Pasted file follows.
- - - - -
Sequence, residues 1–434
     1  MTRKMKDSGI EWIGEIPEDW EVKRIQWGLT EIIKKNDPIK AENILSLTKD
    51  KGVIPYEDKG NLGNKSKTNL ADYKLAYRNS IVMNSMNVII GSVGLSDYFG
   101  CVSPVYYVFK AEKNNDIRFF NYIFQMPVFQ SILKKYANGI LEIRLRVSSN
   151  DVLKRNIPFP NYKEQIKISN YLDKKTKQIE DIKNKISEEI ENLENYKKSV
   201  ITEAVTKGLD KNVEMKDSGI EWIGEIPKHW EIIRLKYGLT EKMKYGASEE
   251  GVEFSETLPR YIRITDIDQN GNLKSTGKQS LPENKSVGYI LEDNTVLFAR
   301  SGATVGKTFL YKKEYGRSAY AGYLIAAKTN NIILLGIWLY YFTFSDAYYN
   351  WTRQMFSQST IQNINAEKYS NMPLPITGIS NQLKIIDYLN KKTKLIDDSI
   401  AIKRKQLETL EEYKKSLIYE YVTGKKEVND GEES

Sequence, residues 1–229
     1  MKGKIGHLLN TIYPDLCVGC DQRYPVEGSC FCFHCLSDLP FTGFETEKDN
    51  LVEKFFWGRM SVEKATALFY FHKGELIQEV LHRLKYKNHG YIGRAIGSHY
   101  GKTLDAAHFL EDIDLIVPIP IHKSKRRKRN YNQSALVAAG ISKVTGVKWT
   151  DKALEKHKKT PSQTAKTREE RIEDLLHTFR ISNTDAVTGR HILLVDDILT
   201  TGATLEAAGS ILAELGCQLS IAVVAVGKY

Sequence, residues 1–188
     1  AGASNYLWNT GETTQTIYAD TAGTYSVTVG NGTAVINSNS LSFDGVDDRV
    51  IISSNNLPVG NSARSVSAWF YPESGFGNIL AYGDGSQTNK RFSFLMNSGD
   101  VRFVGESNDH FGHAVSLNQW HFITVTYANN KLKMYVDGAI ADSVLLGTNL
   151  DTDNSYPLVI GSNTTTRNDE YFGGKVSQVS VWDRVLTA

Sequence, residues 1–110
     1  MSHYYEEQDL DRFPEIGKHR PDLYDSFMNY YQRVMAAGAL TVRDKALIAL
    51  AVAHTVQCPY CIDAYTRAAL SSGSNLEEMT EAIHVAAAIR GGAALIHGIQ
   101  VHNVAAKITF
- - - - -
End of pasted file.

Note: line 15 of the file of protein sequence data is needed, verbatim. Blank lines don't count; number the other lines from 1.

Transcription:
   151  DKALEKHKKT PSQTAKTREE RIEDLLHTFR ISNTDAVTGR HILLVDDILT